Dear NREL community,
I’m trying to detect the frequencies of a NREL 5MW onshore reference wind turbine by post processing the PSDs of blade & tower tip accelerations. The 2 main excitations I implement are white gaussian singal (I implemented that using a uniform-wind type file, where simply the wind velocity varies with each time step) and Kaimal turbulence. My problem is that, when I excite the structure with Kaimal turbulence, the PSDs - especially of the blade- are quite unclear and not all modes are excited. Below I have attached the PSDs for Kaimal and then for white noise excitation.
I exported the Output full-field time-series data of Kaimal turbulence from TurbSim by activating “WrADTWR”. I isolated the wind speed time series on the hub height and plotted its spectorgram in order to see which frequency range it excites. Considering the image below, it seems quite low and I assume that this is the main reason that the PSD is unclear. Is there any way to allow for tuning of the parameters of a Kaimal-type spectrum in order to increase this frequency content? By the way, I tried some other turbulence models (von Karman, Great plains low level jet, even NWTCUP with coherent structures), but I always received more or less the same low frequency content.
The TurbSim parameters I implemented where a 31*31 Grid, a time step of 0.01 sec and Analysis & Usable time of 650 sec. Regarding the Kaimal model parameters, I defined turbulence characteristic of 16.67, normal turbulence type “NTM”, mean wind speed of 12 m/s and a Power Low wind profile type.
I’m a bit surprised by your PSDs for the Kaimal spectrum. I would expect the blade-tip to have strong peaks at 0P, 1P, 2P, 3P, 4P etc. as the blade in the rotating frame of references passes through the turbulent wind field, which I don’t really see from your simulation. And I would expect the tower-top in the fixed-frame of reference to have strong peaks at 0P, 3P, 6P, etc., which I also don’t really see from your simulation. Perhaps your simulation is not run long enough to get statistical significance in the results?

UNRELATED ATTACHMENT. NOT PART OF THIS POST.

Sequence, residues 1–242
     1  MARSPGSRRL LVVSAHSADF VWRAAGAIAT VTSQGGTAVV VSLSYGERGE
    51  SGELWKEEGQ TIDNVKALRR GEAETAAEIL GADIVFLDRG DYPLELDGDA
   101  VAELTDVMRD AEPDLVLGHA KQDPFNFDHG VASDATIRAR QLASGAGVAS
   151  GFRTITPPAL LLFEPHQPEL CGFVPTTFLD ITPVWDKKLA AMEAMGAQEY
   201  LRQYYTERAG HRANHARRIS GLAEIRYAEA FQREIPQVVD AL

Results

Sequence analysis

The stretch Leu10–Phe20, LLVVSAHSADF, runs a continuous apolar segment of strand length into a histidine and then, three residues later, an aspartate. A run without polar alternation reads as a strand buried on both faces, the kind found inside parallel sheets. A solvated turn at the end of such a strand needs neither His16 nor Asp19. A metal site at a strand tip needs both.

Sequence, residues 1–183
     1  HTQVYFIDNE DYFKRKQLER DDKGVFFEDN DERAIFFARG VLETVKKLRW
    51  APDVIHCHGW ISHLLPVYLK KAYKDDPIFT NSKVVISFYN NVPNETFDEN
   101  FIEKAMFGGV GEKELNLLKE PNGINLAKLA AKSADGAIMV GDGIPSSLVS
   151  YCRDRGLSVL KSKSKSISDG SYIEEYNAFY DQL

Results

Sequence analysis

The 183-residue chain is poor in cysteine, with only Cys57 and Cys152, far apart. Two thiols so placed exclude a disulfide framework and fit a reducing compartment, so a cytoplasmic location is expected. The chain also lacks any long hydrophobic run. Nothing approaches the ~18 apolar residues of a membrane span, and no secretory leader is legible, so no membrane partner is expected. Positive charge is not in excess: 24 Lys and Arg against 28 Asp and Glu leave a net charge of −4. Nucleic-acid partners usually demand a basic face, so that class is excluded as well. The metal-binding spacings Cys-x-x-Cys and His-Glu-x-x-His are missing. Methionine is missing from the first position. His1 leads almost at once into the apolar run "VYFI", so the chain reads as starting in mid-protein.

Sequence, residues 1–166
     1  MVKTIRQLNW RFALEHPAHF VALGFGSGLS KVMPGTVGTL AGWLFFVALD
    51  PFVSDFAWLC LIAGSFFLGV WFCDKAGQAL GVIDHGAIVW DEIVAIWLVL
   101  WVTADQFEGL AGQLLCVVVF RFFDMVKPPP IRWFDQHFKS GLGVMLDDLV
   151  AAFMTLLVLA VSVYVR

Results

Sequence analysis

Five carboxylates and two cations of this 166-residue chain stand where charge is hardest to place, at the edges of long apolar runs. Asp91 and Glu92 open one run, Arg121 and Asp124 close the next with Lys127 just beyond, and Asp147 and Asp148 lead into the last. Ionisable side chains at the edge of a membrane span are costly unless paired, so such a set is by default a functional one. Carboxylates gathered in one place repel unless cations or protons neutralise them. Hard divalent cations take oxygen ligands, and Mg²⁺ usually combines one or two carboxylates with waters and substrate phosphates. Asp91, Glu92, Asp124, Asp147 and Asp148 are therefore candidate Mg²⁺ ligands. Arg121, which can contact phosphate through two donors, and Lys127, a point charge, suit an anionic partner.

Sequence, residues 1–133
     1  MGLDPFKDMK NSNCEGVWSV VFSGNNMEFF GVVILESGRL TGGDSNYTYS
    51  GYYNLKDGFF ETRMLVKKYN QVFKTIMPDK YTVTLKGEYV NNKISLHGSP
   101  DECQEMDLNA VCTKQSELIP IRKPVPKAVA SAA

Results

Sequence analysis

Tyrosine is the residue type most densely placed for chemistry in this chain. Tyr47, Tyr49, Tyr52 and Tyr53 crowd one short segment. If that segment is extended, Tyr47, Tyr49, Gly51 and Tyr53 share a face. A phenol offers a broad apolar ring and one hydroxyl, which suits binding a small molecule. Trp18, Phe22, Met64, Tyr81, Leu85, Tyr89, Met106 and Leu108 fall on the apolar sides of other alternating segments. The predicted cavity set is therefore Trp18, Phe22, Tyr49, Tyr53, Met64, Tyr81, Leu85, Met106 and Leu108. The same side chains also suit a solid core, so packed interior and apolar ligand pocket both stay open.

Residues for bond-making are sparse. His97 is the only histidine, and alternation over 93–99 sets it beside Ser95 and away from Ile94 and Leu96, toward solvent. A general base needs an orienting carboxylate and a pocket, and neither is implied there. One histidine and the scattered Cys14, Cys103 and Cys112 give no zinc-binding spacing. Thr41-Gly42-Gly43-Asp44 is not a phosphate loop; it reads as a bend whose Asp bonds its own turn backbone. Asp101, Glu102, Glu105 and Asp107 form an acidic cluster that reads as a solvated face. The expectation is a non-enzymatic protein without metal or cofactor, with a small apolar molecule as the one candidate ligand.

I’m less familiar with how the PSD should look when excited by uniform, but time-varying wind.
Regardless, the natural frequencies of the land-based NREL 5-MW baseline turbine in a parked condition are published in the NREL 5-MW turbine specifications report: nrel.gov/docs/fy09osti/38060.pdf.
I would expect wind spectra to be more energetic at low frequencies. The spectra implemented in TurbSim, as well as example PSD versus frequency plots, are included in the TurbSim User’s Guide: nwtc.nrel.gov/system/files/TurbSim.pdf. You should be able to use this information to understand how the spectra change with variations in the TurbSim input parameters.
I guess the peaks that you describe are better depicted in the following PSD, which by the way refers to steady wind conditions with a mean wind speed of 10 m/s. I believe that more or less the same peaks appear in the Kaimal turbulence PSD, just much less clear and obvious. I did follow your suggestion and carried out an analysis of 3000 sec, which was based on a TurbSim input file of Analysis Time also 3000 sec and a time step of 0.01 sec. The PSD was identical to the one I attached, no improvement was observed.
I have read the NREL 5-MW turbine specifications report. Generally, from the PSDs of various excitations I can identify 2 distinctive frequency peaks of the tower (around 0.312 Hz and 2.9 Hz) and 2 for the blade (around 0.66 Hz and 2.03 Hz). Do we expect that a PSD clearly shows all of the natural frequencies, i.e in FA and SS directions as described in the aforementioned report? Some of them are very closely spaced. I have tried changing the angle of wind excitation to observe if different modes are excited but there was no significant difference.
Regarding the Kaimal-Turbulence PSD: Is it normal that the spectrogram of the turbulent wind excitation shows a frequency content of such a small range? I have read the TurbSim manual but still cannot figure out a way to increase this frequency content just by changing any of the parameters. I don’t know if modifying the source code is necessary. In any case, I would appreciate any suggestions on improving my analysis.
Once again, I appreciate your help.
Your new plot looks clearer, but still not exactly what I would expect. Perhaps that’s because your plotting the y-axis in dB, when I would normally see a PSD plotted in [units]^2/Hz, where “units” is the unit of the time-series variable. Perhaps you’ve also applied some filtering in the calculation of the PSD.
Regardless, it is not necessary easy to identify natural frequencies through PSD analysis unless the source of excitation excites the modes of interest and that response is stronger than the direct excitation.
Appendix G in the TurbSim User’s Guide shows example spectra of the turbulent wind velocity components, where it is clearly seen that energy dissipates at higher frequencies. Equation (21) defines the IEC Kaimal spectra.